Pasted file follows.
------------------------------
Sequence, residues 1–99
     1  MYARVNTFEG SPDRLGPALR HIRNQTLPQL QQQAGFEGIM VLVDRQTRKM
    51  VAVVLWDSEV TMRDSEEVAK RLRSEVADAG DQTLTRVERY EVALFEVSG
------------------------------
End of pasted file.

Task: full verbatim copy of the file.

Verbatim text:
Sequence, residues 1–99
     1  MYARVNTFEG SPDRLGPALR HIRNQTLPQL QQQAGFEGIM VLVDRQTRKM
    51  VAVVLWDSEV TMRDSEEVAK RLRSEVADAG DQTLTRVERY EVALFEVSG